UPDATE: After reading the Pentagon Papers decision by the Supreme Court (New York Times v. United States, 1971), my above characterization of the case requires modification. I was conflating Ellsberg’s criminal trial (which did not reach the Supreme Court) with the question of whether the New York Times could legally publish the classified papers (which did reach the Court). It was Ellsberg’s prosecution that fell through on grounds of improper government behavior (Liddy and Hunt broke into the office of Ellsberg’s psychiatrist). In the Supreme Court case, publication was allowed on the grounds that the executive branch had not met the necessary burden of justification for restricting freedom of speech.

Findlaw summarizes the precedent as follows:
The court ruled that the government had not proved that publication would inflict "direct, immediate, and irreparable harm to the national interest."
What is bizarre is that Justice Stewart arrived at this conclusion after arguing that this determination was for the executive to decide, not the courts:
But in the cases before us we are asked neither to construe specific regulations nor to apply specific laws. We are asked, instead, to perform a function that the Constitution gave to the Executive, not the Judiciary. We are asked, quite simply, to prevent the publication by two newspapers of material that the Executive Branch insists should not, in the national interest, be published. I am convinced that the Executive is correct with respect to some of the documents involved. But I cannot say that disclosure of any of them will surely result in direct, immediate, and irreparable damage to our Nation or its people. That being so, there can under the First Amendment be but one judicial resolution of the issues before us. I join the judgments of the Court. [At 730.]
I think the Court SHOULD exercise oversight here, but come on, Stewart had just claimed it shouldn’t!

Justice White’s concurrence is even weirder, arguing that publication by the New York Times might well be criminal, but asserting that this cannot justify an injunction. The Times must be allowed to commit the crime, THEN the legal system can act. This is how he interprets our ESPIONAGE laws. We are not allowed to interdict Benedict Arnold. We have to let him commit his treason, then we can execute him, but we can’t stop him.

Justice Black’s opinion for the Court asserts that there can be NO restrictions on freedom of speech. Evidently he would deny that we can even punish Benedict Arnold AFTER the fact, in spite of explicit Constitutional provision. Holy cow, what a bunch of morons. Blackmun is one of the few who made any sense:
I hope that damage has not already been done. If, however, damage has been done, and if, with the Court's action today, these newspapers proceed to publish the critical documents and there results therefrom "the death of soldiers, the destruction of alliances, the greatly increased difficulty of negotiation with our enemies, the inability of our diplomats to negotiate," to which list I might add the factors of prolongation of the war and of further delay in the freeing of United States prisoners, then the Nation's people will know where the responsibility for these sad consequences rests. [At 763. Hat tip, Hugh Hewitt.]
What is astounding to contemplate is how Court has flip-flopped from its First Amendment absolutism in the Pentagon Papers case to its First Amendment annihilationism in upholding McCain-Feingold. In the latter case, the merest suggestion of a state interest in combating the appearance of impropriety was sufficient to justify unbounded regulation of political speech. Surely under this new precedent, war powers based restrictions on publishing classified intelligence are a slam dunk. (My post on constitutional annihilism in general, and its origins in Korematsu v. United States, here.)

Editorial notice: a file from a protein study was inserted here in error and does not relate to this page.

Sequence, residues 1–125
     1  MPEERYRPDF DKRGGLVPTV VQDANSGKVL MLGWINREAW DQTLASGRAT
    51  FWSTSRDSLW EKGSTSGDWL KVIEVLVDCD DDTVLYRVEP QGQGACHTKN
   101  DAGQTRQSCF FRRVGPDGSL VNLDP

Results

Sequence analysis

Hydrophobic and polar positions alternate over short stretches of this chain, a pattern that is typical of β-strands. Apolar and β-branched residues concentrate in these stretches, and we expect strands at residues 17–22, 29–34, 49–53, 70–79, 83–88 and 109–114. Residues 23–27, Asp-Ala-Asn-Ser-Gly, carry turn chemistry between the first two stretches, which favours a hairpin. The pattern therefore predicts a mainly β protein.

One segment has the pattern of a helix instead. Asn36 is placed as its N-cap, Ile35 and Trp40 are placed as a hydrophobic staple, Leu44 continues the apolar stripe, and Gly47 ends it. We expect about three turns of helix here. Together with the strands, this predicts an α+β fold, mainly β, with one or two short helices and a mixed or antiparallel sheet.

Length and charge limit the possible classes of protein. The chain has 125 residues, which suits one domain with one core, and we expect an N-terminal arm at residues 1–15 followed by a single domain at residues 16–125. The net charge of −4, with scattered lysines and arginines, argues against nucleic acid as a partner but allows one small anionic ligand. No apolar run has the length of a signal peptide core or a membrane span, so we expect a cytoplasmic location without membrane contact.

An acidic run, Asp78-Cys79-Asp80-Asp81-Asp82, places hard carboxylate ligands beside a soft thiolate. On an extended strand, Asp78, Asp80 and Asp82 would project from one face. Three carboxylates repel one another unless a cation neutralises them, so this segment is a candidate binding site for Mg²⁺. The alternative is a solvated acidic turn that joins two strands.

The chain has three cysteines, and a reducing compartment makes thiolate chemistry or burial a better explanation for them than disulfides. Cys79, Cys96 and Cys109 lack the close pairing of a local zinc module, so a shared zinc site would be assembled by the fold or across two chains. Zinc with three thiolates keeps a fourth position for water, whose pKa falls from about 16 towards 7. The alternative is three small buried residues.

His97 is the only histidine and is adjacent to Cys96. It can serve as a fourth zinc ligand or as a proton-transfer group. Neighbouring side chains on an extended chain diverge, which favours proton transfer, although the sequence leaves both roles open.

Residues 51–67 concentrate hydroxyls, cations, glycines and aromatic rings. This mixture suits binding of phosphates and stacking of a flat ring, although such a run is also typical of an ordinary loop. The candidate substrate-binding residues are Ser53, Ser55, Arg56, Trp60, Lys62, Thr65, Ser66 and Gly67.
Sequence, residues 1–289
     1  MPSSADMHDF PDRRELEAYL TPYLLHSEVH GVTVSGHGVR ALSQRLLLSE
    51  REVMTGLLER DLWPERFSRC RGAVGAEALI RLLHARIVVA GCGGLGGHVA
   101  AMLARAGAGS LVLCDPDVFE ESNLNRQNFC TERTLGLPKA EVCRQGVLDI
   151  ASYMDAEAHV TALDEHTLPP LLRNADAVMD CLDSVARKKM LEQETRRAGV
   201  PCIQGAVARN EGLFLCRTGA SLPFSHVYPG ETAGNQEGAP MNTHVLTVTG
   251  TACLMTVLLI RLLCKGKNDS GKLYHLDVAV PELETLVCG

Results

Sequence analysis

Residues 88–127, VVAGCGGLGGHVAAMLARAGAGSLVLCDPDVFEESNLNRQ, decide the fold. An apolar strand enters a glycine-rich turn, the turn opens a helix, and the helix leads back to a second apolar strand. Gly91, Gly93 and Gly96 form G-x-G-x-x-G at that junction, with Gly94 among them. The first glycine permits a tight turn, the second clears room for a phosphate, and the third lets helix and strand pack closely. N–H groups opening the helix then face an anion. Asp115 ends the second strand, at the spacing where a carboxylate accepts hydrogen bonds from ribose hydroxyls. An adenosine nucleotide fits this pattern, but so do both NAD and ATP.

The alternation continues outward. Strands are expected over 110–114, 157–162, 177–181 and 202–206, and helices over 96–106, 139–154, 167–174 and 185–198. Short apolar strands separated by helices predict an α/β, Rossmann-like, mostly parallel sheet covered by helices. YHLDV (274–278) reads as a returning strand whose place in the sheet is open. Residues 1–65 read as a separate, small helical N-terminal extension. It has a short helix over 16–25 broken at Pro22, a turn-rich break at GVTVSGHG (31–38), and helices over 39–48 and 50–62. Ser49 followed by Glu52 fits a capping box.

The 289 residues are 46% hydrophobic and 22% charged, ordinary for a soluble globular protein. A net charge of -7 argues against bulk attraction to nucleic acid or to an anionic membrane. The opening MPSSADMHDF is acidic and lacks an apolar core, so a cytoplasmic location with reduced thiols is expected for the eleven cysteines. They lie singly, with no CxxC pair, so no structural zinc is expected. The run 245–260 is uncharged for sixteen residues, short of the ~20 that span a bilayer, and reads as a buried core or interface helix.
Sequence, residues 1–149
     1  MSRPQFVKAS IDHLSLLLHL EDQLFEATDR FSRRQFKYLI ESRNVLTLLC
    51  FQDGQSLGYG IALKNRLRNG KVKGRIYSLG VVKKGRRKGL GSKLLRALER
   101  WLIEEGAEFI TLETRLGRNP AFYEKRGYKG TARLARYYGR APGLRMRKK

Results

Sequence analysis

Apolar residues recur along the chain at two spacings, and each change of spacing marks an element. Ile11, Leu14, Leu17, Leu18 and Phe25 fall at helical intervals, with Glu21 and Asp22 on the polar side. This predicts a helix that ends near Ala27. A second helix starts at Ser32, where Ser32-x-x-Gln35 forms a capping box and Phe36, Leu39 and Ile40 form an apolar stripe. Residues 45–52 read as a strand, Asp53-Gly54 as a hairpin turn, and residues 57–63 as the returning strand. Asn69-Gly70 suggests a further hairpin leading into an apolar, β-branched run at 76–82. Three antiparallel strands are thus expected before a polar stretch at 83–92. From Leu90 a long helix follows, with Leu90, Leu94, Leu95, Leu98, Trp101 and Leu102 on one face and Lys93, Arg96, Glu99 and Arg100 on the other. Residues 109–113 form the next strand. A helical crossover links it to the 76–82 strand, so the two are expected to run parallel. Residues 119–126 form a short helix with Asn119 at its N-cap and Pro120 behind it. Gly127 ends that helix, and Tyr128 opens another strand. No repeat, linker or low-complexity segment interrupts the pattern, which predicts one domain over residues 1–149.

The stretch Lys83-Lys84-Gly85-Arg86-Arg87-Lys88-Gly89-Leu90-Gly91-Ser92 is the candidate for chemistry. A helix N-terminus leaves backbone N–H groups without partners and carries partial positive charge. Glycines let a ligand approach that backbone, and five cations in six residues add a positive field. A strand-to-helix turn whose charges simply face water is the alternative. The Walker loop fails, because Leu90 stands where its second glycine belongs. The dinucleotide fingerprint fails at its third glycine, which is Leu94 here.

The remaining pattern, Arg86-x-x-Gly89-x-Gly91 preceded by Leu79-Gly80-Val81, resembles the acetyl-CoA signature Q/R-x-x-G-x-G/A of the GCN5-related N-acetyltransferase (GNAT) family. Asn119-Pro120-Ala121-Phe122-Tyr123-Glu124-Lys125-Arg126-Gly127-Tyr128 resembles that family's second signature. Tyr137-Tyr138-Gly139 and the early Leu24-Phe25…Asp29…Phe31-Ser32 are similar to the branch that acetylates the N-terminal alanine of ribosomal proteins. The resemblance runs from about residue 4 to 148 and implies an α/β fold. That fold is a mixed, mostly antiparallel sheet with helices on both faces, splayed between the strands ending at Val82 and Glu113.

Well done!
Great article. I'm impressed that you actually called the editorial section and got someone to have a converstation with you. You put the pieces together nicely and point out the flaws in the editors logic (rather lack of logic).
this statement scares me: "How about also considering whether the leak is criminal, and whether there is a public interest in publishing it"

Public interest? I dont think it should be up to the media to decide whats best for the "public interest." Hows that saying go? "we report, you decide.." I do not want to live in a world where the media will only tell me what wont make others in the world angry at us.

In any event, its a POLITICAL CARTOON. Its not an exact painting of facts, but a slice of public perception. Decrying Horsey's cartoon because the newsweek debacle actually happened after the prisoner abuse is like decrying this (http://www.coxandforkum.com/archives/000336.html) cartoon because it suggests the media were actually asking for directions. (for the record, I like both cartoons, lest anyone scream about political bias on my part).
I should be more specific. The “public interests” in question are national security interests in time of war. The problem with “we report, you decide” in time of war, is that there is no way to limit “you” to the American people. Whatever is shared with the American people is also shared with our rivals and our enemies. In the wake of Newsweek’s errant Koran-flushing story, and the way the Islamists were able to use it to dupe semi-innocent primitives into rioting against their own liberation, it should be obvious to everyone that it isn’t just what WE think that matters.

It is interesting that anonymous can appreciate a cartoon that uses artistic license to pervert the truth the same as he can appreciate a cartoon that uses artistic license to convey the truth (as if there is no such thing as the truth), but HE isn’t what matters here. So long as the military is effective in rooting out actual wrongdoing, the citizenry’s need to know is not grave, and cannot trump our grave national interest in containing information (especially classified information) that is harmful to our war effort. If there were evidence of real abuses (U.N. “peace-keeper” type abuses say) that were not being rooted out, then there would be a contest between the need for publicity as counter to abuse, and the need for secrecy in the service of our war efforts. There is no such contest here, and in NO case is it moral to try to make our military look WORSE than it is. No army has ever been so effective in minimizing civilian casualties or abuses by soldiers. Our troops are awesome! Horsey paints them as grotesque.